Before we go deeper into the development process, can you tell us a little more about GearEye? Just to make sure that our readers who are unfamiliar with it will have something to stand on.

Julia Lerner: GearEye is what we like to call “The Ultimate Gear Management System.” With it, you can both organize and track your gear — so that you always have what you need, when you need it. To put that in perspective for you, let’s go back to my passport experience…

At that time, if I had GearEye with me (and I could very well have if it was invented back then, as it’s both compact and affordable), I would have been able to find my passport in an instant by using the GearEye scanner. So long as I had tagged my passport beforehand, it would have been included in GearEye’s equipment monitoring.

This makes it a very good tool to have for professionals who are constantly on the go. The handheld reader is very intuitive and making use of the RFID tags is equally as simple.

Alright, now that we’ve reviewed what we’re talking about. Are you open to talking about the process of actually getting GearEye developed?

Julia Lerner: Sure! And, well, the first thing I did was find people — the right kind of people, of course, who were willing to join me in my goal to make this product a reality.

I was very fortunate on the account that Israel had a generous fountain of opportunities and connections. There, I not only found people that I could learn from, but also other entrepreneurs and investors that were willing to listen to my hopes for GearEye. I spent a lot of time there, just learning from the veterans in the industry and taking in the world of entrepreneurship.

I never saw myself as a natural entrepreneur, to be honest. But, after GearEye, I was invested in learning all that I could to make my hopes into reality.

If you want my advice in this regard, I suggest that you make connections and hoard any opportunities that you can, whenever you can — until you’re content with what you’ve learned (which, from a certain perspective, you should never be!)

What did you do after recruiting your team?

Julia Lerner: With the right people on board, we started working on the first iterations of GearEye almost instantly — just so that we could have something that we could show to the people who would, in the future, help us fund the project.

The original plan had been to find a way to quickly and easily track items on a Smartphone. The idea was feasible at the time, but I wasn’t quite content with it. The only tags that would work for phones were very expensive (a.i., Bluetooth tags, which cost $20-30.)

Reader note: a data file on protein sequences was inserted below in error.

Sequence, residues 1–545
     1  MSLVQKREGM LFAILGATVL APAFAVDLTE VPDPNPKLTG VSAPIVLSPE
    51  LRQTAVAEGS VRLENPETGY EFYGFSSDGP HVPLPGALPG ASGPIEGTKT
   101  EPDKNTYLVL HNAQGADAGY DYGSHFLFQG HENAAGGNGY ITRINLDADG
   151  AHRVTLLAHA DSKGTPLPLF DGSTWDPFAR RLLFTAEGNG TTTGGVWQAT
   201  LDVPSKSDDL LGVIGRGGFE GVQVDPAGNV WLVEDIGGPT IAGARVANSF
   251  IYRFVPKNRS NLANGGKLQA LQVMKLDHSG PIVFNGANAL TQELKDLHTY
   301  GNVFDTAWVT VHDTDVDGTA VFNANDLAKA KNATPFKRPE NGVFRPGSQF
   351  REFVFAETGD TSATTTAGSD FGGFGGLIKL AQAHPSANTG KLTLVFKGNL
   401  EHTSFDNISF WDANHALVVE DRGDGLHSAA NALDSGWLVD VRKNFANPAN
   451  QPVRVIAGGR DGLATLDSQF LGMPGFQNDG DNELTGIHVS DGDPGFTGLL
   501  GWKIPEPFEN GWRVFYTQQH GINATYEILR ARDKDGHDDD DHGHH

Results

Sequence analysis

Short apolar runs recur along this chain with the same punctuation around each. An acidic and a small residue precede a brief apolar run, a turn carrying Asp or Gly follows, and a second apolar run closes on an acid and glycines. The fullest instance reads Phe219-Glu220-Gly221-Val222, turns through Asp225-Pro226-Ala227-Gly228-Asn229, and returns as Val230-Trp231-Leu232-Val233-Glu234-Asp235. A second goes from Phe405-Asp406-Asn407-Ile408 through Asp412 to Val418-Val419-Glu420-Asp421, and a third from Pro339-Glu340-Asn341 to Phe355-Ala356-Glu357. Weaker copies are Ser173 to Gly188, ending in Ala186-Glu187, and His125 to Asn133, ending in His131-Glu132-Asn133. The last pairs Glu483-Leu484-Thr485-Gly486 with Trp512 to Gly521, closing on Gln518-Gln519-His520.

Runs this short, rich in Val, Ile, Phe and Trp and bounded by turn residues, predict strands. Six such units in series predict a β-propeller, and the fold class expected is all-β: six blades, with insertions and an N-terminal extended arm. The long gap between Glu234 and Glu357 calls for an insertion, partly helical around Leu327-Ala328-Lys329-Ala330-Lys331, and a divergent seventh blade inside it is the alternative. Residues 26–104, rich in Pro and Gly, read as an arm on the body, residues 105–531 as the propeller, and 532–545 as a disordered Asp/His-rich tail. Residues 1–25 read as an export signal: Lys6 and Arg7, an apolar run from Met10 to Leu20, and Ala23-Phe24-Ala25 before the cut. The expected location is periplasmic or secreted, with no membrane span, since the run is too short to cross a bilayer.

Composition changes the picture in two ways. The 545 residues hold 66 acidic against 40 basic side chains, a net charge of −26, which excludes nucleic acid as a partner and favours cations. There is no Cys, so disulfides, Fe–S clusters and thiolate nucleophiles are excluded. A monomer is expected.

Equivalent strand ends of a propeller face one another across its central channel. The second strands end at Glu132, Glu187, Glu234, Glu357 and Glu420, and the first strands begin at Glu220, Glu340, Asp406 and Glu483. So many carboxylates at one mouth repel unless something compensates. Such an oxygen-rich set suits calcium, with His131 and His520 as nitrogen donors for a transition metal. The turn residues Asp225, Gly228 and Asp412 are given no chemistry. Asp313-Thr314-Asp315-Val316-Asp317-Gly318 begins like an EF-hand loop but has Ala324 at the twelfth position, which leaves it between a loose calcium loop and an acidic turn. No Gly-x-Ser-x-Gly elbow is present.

It also didn’t fit the image in my head. Since those tags were usually very bulky (and required batteries, besides). So, we scrapped that idea and moved on to the next.

How many iterations did GearEye end up going through?

Julia Lerner: We made two attempts before settling on the final one. That took us several years of research and development spent solving problem after problem.

This, as you can guess, was pretty mentally exhausting. To give you some perspective on the kind of issues we had to work out: Because we weren’t content with the bulky Bluetooth tags, we opted for RFID stickers instead. We had to compare the benefit of a slimmer tag profile and cheaper price tag (RFID stickers cost only $0.10 each) to the longer-range Bluetooth tags.

In any case, we came out with the two prototypes, as mentioned. A cover case for smartphones and a stand-alone device (or a mock-up version of it that we ultimately ended up having to redo because of all the revision we did) was created.

At what stage of production are you in now?

Julia Lerner: With people finally having received their own GearEye scanners, we’re way over the initial development stage.

The only development we’re doing now is working behind the scenes to continue making improvements to equipment monitoring in the GearEye app and fixing bugs as they are reported by our customers. I guess you can say that, now that we’ve finished production, our only goal is to make sure that it manages to continue serving the purpose we created it for.

Which, as we like to say, is: “Let your mind focus on the work, let GearEye focus on the gear.”